Sustainable Energy

How a global solar drive will boost silver prices

A worker cleans the panels in a solar power park run by the Costa Rican Electricity Institute (ICE) as the power company has managed to produce all of the electricity for the nation from renewable energy sources for more than 80 days straight on March 26, 2015 in Guanacaste, Costa Rica.
Joe Raedle | Getty Images

Silver prices are likely to gain in the next five years as demand for solar panels grows on a concerted drive by governments to reduce global carbon dioxide emissions, an analyst said.

Silver, a key component of solar cells as it is the best metallic conductor of heat and electricity, has seen a slump in prices to a three-month low this week in line with a broad-based decline in gold prices.

At about $14 an ounce currently, prices are 10 percent lower year-to-date.

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While the solar industry just accounts for just 6 per cent of overall physical silver demand now, global solar capacity is growing at an average rate of 53 percent a year in the last decade, underscoring future growth potential, said London-based Capital Economics's Simona Gambarini in a note Tuesday.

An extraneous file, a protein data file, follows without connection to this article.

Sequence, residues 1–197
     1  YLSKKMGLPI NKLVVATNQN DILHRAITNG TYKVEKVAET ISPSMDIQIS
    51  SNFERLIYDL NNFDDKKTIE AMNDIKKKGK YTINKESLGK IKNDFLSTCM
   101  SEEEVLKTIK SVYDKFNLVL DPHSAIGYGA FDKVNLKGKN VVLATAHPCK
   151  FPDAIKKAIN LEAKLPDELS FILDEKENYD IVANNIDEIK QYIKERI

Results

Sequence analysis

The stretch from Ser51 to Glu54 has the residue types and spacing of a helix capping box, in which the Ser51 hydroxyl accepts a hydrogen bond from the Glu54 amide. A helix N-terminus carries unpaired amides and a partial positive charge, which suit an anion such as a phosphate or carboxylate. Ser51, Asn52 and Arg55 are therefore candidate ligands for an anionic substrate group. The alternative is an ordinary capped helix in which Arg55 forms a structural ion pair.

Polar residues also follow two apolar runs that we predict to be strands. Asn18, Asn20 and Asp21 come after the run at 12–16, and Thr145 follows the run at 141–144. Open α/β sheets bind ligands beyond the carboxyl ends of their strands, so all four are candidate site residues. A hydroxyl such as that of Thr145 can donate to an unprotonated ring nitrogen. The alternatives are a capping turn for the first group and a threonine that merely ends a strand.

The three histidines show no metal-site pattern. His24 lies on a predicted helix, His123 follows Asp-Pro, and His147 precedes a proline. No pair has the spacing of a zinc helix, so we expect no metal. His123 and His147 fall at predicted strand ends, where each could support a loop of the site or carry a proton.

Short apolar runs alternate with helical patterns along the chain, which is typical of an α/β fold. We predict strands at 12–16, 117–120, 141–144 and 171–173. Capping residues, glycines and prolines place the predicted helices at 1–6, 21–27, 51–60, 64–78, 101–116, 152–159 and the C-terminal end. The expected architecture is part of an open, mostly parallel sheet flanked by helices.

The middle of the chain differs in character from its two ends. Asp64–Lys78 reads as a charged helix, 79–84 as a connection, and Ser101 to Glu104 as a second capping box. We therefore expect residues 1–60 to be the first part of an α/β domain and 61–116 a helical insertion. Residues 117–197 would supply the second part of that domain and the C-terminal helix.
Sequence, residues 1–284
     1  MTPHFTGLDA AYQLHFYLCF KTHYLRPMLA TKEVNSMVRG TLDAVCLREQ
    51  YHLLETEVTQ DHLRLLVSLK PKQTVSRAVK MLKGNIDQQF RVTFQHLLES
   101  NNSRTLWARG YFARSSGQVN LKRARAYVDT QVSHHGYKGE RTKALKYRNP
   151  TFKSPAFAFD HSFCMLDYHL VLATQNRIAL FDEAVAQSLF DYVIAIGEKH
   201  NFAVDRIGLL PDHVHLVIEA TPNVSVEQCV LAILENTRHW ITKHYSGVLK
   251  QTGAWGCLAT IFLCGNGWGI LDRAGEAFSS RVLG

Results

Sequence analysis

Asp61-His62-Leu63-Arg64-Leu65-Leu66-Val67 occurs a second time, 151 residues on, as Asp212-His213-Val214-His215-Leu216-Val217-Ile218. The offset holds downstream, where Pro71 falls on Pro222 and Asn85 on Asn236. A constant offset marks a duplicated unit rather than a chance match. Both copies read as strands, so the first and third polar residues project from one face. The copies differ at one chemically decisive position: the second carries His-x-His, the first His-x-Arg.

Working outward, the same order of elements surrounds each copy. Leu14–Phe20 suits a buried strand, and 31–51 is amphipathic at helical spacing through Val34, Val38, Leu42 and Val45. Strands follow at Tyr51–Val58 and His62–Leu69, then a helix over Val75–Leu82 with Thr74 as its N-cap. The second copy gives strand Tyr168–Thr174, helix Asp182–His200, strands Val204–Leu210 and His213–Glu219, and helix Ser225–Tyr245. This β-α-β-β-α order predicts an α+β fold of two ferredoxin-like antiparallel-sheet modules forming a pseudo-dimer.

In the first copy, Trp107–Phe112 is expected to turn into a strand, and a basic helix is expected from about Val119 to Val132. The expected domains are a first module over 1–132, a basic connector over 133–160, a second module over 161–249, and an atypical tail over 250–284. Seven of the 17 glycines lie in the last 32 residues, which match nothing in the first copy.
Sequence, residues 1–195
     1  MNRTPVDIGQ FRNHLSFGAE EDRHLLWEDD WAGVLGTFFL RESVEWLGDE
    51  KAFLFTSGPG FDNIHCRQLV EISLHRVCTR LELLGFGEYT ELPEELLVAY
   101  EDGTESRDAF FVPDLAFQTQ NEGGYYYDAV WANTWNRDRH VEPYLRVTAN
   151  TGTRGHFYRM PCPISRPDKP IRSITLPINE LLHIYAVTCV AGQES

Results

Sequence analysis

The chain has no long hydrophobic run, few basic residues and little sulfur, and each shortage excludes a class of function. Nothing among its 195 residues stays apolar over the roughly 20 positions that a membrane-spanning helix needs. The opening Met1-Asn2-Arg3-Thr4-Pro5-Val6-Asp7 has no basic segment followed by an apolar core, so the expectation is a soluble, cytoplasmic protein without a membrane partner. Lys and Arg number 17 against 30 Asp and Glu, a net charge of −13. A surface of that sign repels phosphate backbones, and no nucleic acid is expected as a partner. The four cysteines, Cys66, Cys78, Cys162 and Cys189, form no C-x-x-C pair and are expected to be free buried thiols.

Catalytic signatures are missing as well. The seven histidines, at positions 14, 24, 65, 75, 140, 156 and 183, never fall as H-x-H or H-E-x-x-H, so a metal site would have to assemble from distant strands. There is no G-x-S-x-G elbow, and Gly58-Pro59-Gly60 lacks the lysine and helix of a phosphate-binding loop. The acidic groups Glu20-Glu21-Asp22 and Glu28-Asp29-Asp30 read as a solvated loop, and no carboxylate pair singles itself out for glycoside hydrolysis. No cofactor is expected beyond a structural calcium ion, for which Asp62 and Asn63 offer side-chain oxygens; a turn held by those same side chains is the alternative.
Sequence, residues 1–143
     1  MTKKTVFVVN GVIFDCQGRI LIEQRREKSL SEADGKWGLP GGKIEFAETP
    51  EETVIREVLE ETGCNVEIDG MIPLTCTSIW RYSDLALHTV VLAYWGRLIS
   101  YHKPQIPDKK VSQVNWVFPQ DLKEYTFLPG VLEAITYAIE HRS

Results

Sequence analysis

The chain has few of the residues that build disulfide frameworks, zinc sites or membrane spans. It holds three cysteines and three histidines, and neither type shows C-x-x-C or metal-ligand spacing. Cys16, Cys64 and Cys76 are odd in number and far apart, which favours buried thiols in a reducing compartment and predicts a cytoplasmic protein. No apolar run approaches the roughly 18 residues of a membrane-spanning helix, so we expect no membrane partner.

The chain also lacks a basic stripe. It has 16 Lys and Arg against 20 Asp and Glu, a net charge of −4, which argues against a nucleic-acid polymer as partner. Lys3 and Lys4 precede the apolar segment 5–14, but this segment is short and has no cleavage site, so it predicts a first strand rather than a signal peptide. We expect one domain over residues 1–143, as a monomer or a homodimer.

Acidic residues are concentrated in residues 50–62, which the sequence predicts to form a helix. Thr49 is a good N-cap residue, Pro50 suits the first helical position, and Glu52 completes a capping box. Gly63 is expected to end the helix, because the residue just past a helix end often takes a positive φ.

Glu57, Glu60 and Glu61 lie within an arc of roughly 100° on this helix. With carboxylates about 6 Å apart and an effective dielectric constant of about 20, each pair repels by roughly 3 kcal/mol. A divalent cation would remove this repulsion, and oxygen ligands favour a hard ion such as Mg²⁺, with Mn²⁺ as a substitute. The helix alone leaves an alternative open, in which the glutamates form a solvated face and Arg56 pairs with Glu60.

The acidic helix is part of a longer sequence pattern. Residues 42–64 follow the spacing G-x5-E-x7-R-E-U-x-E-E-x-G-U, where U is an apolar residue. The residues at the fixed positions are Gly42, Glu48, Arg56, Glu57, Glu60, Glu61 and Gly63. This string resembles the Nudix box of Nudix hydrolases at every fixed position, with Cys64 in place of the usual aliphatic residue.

About 2.8 million ounces of silver are needed to generate one gigawatt of electrical capacity from solar energy.

Prospects for silver are positive even as renewable energy subsidies are being scaled back in some parts of the developed world as there is still considerable scope for more investment in emerging economies, particularly in China where the government is trying to cut down on pollution to quell social discontent.

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China is likely to account for about half of the growth in solar panel production in the next few years, she said. The country will also increase its installed solar capacity more than five times from 2014 to 2020, she noted.

Although there is ongoing research to substitute the use of silver in solar cells to cut costs, they are still in early stages and may take years to have a material impact, wrote Gambarini.

Low silver prices now are also likely to dampen enthusiasm for investment in the research for cheaper substitutes.